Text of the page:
“Microblogging:” as if normal blogging wasn’t good enough!

Microblogging is basically a mini-blog that only contains short and sweet posts. Made popular by “Twitter” and the “What are you doing now?” phenomenon that allows people to keep their friends and family updated on where they are, what they are doing and what they are thinking.

The appeal of microblogging is both its immediacy and portability. Because posts are so brief (typically 140 – 200 characters), a microblogger can update her microblog often enough to keep readers informed as events, whether large or small, unfold. Anyone with a cell phone can send and receive updates any time, anywhere. Users can send messages as text, video or audio. I’ve seen this used most often when a blogger who has a lot of readers in a specific industry attends an event and posts thoughts or learnings as they happen via cell phone.

How to start a blog.

There are many websites offering user-friendly blogs for free. is a great place to start. Over time, as you desire more sophisticated features, you may want to upgrade to a paid account with a site like but for entry-level bloggers, you can’t beat

Some tips for getting started:

Pick a specific subject that you want your blog to address: i.e. fashion, finance, marketing, sales… whatever interests you or supports your business objective for blogging.

Commit yourself to posting something new at least once a week. Your readers will come back for updates as long as you are consistent. If taking a 4 week hiatus (which I've been guilty of at times), publish a post letting your readers know when to expect fresh content.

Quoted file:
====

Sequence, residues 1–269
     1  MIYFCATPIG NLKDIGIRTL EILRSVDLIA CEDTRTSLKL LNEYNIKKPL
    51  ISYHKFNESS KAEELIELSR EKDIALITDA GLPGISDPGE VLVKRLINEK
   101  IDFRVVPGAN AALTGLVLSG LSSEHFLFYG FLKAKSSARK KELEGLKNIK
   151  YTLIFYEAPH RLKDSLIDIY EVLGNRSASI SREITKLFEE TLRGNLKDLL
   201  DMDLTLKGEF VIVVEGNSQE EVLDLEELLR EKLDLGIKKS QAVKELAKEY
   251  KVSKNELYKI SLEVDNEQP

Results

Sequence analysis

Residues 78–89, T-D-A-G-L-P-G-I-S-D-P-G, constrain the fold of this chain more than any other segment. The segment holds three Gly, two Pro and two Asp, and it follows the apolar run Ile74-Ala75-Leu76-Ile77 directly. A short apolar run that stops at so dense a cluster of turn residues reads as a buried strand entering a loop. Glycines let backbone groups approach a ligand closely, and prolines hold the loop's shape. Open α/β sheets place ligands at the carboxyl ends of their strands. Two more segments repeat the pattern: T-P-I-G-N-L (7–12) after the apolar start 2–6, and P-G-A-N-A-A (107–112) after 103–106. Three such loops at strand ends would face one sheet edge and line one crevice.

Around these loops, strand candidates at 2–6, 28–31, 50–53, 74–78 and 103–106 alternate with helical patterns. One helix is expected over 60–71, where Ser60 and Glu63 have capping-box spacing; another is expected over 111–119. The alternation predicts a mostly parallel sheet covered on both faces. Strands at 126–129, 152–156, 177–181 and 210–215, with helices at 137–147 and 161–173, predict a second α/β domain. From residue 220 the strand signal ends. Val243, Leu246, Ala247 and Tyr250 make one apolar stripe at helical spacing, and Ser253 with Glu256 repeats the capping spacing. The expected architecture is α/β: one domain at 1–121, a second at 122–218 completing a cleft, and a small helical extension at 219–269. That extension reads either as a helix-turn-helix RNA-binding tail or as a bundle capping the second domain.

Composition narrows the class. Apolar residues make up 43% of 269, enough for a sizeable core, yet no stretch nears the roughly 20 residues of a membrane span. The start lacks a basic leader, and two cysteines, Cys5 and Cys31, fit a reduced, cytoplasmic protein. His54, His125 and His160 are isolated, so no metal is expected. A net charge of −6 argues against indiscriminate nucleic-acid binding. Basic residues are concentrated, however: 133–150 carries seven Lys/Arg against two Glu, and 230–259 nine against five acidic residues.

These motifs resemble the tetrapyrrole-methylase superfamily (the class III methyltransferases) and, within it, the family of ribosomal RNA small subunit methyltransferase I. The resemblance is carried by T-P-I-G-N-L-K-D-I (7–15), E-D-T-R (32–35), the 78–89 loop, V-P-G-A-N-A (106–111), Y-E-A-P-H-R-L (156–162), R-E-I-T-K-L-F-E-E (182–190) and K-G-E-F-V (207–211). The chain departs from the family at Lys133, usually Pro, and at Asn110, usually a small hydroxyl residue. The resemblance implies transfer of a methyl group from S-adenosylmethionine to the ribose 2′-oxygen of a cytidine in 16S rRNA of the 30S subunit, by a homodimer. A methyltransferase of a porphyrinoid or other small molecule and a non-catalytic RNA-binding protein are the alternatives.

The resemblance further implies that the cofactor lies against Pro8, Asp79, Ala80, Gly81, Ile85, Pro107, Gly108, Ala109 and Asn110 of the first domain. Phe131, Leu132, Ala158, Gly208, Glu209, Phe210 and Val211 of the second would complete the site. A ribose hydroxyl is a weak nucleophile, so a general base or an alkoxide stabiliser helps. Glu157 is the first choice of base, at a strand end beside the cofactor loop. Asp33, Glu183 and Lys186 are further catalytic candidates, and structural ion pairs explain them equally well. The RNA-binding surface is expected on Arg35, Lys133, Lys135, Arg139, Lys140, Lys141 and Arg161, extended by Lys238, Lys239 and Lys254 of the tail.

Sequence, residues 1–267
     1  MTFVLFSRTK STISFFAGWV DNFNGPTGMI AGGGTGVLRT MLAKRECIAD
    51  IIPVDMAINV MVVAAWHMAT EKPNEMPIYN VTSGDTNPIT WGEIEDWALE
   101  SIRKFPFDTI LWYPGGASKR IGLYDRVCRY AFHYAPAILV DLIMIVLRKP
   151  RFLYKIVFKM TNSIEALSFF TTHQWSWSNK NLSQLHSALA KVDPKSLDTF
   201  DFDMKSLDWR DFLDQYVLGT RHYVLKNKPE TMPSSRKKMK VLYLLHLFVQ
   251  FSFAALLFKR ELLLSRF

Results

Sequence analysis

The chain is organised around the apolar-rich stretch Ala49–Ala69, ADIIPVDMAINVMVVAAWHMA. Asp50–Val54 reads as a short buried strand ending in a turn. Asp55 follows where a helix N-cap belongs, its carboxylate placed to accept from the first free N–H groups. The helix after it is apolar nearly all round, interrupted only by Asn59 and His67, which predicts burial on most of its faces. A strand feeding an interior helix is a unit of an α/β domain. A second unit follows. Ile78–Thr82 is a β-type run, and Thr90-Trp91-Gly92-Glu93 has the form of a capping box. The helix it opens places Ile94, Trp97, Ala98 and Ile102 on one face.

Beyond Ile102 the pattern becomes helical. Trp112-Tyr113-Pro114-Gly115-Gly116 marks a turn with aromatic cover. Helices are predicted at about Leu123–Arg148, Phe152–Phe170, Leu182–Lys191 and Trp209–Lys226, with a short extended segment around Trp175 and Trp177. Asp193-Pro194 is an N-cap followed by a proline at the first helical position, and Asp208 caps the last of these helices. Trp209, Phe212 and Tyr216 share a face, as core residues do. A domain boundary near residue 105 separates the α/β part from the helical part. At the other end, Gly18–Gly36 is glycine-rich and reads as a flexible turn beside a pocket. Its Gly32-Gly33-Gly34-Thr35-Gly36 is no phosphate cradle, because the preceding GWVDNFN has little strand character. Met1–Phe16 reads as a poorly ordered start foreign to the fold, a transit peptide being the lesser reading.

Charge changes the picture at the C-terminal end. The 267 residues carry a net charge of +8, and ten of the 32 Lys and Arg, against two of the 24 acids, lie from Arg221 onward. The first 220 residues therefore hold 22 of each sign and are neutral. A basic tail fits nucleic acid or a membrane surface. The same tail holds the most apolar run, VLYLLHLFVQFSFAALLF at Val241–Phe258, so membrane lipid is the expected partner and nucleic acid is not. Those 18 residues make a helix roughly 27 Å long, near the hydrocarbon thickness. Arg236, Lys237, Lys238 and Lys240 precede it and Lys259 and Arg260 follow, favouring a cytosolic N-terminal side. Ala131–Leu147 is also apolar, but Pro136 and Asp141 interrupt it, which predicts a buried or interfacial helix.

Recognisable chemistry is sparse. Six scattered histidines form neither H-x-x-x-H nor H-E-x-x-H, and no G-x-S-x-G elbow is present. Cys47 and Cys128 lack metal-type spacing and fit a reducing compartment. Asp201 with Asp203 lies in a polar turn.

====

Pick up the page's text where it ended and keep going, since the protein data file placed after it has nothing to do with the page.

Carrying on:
Keep it personal. People will read your blog because of your personality. Don’t be afraid to be informal or inject your opinions.

Use interesting images whenever possible to enhance the subject of a post. You can find free stock photos at

Let search engines know you exist. You can “ping” many of them by entering your blog address at “Ping” means to send the search engine a message letting it know you have posted something new. It will put your site in queue to review and include in search results.

Track your success from the beginning. Google offers a robust and surprisingly free stats package that allows you to see how many visitors you’ve had and from what sources (along with many other details). Set-up a free account at and they will give you some code with instructions for pasting it into your webpage/blog.

Allow visitors to receive your content in their email. Use to add a “subscription” box to your blog. Feedburner will automatically send your posts to all subscribers keeping them engaged with you and your content.

If you have any questions about blogging, please post to comments and I’d be happy to respond!

Next article in this series: Social Networks – Facebook, LinkedIn, MySpace